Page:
If the load of infection is raised to moderate levels, clinical disease and tissue pathology becomes more a likely possibility [[1], [2], [3]]. Thus, innate immune defenses are inadequate to stop the virus from causing some overt damage, but under such circumstances adaptive aspects of immunity, which includes antibodies and T cells, are almost invariably elicited to help control the infection although in so doing may cause a tissue-damaging inflammatory reaction [1]. Usually, the combined activity of innate and adaptive immune mechanisms succeed in clearing infection, but this scenario does not always occur and it becomes increasingly unlikely, as the load of infection is further increased. With some viruses, the eventual fate is the host’s demise, although killing its host is not an ideal situation for a virus when viewed from an evolutionary perspective. Fortunately for us few viruses achieve such an outcome [6,7], but the new pathogen COVID-19 is an example where lethality is on the menu. Nevertheless, whereas almost all countries are experiencing the COVID-19 pandemic, the frequency of lethality is very different. We have suggested one explanation for the variable outcome in a recent opinion piece [8]. We advocate that frequent exposure to microbes, as is more likely to occur in less hygienic living conditions, will train innate aspects of immunity to function more effectively and reduce the viral burden infection below levels that are potentially lethal [9].

It seems obvious that wearing masks and staying some distance from potential sources of infection will serve to limit the exposure dose of SARS-CoV2. For example, countries like Taiwan, which has been extraordinarily successful at limiting infection, and especially mortality may provide some guidance [10]. Taiwan successfully implemented mask wearing, social separation and strict quarantine practices backed up by an excellent government health system. In contrast, in countries such as the USA mortality is greater probably because its citizenship is far less compliant with those measures that reduce the magnitude of infection. Curiously, in the early days of the pandemic, mortality rates were far higher in Italy than in Germany, a situation that likely reflected the affectionate greeting customs of the Italians, which would expose them to higher loads of COVID-19 infection [11].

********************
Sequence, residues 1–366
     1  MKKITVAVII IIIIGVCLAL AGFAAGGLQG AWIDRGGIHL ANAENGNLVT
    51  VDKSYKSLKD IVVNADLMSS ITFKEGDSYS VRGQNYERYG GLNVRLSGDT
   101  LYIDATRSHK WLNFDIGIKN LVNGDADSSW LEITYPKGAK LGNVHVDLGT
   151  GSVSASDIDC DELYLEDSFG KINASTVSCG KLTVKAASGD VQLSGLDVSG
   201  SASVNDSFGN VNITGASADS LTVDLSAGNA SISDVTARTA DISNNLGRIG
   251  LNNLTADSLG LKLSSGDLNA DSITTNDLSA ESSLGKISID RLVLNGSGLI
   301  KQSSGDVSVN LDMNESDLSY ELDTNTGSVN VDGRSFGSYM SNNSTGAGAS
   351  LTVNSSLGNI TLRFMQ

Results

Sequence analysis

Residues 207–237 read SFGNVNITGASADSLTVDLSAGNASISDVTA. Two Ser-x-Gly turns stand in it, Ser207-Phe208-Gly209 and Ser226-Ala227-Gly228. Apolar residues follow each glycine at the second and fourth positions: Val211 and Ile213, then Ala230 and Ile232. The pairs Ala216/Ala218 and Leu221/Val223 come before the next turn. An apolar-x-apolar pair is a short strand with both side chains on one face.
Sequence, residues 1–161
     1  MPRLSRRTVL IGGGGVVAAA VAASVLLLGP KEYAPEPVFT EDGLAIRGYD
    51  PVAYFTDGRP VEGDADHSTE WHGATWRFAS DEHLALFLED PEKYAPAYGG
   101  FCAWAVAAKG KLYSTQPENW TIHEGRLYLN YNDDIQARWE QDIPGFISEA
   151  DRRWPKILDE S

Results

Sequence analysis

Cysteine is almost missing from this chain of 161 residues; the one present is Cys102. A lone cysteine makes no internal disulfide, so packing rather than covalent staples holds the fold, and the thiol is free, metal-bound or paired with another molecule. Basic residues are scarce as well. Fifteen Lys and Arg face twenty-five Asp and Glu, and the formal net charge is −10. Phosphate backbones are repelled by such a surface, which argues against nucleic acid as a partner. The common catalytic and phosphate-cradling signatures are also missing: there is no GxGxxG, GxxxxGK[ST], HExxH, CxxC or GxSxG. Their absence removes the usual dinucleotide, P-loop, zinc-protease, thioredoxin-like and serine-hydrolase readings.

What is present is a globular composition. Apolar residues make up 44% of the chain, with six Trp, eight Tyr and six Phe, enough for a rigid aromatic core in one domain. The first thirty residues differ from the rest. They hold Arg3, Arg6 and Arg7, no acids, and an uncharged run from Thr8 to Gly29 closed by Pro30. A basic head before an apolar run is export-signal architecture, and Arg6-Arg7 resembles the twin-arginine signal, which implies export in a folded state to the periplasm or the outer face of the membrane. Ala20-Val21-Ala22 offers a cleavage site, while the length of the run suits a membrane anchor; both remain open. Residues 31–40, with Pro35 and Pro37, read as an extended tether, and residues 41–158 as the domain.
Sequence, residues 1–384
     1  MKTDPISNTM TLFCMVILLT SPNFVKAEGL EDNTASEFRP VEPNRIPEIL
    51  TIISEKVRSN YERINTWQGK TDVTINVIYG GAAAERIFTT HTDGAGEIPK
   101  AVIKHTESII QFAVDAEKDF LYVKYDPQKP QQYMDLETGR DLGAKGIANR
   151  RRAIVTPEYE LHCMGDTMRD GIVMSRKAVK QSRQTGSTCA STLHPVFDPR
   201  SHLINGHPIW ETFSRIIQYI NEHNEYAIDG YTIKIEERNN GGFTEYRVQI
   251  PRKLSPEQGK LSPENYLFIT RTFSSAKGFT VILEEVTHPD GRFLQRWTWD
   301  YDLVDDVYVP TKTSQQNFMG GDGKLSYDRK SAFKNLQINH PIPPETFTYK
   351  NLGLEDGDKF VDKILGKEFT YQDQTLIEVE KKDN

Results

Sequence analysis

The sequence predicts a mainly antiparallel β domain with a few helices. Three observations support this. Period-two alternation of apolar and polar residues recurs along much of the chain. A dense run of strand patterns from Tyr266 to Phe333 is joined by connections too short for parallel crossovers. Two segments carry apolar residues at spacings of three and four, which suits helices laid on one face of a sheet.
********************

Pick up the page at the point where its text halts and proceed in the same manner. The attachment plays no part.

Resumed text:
If, as we advocate, the load of infection received during initial infection is a crucial paradigm what can we do to limit this scenario? The first and most obvious approach is to employ strategies that minimize the magnitude and effective formulation of the virus exposure dose. We know that COVID-19 is mainly a respiratory pathogen, which is transmitted primarily in the form of aerosols or droplets in the expired air of actively infected persons. The levels of virus expelled are greater by 20–30 fold with symptomatic patients as compared to those without symptoms [12]. Infectious virus can also remain for a time on fomites, although this is not thought to be a major source of infection [12]. Infected persons can produce virus-containing droplets ranging in size from 0.1 to 1000 μM, of which the largest settle rapidly and the smallest quickly evaporate, desiccating and soon destroying the virus [[12], [13], [14]]. The most dangerous droplets are those around 0.4 μM since these can access the lower lungs to set the scene for potentially damaging and lethal lesions. Such small droplets may even avoid triggering the innate immune defenses in the upper mucosal microenvironment [15]. Virus containing droplets can be expelled two meters or more with opera singers, trombone players and loud politicians being the long distance champions! Moreover, with COVID-19 infection some persons become so-called super spreaders and can dispel 100,000 virion containing droplets per minute whereas with most symptomatic patients it is closer to 1000 particles per minute [16]. Unfortunately, super spreaders normally are not identified. In consequence, measuring not only the presence, but also the amount (dose) of virus in infected persons would be valuable information to help control the pandemic.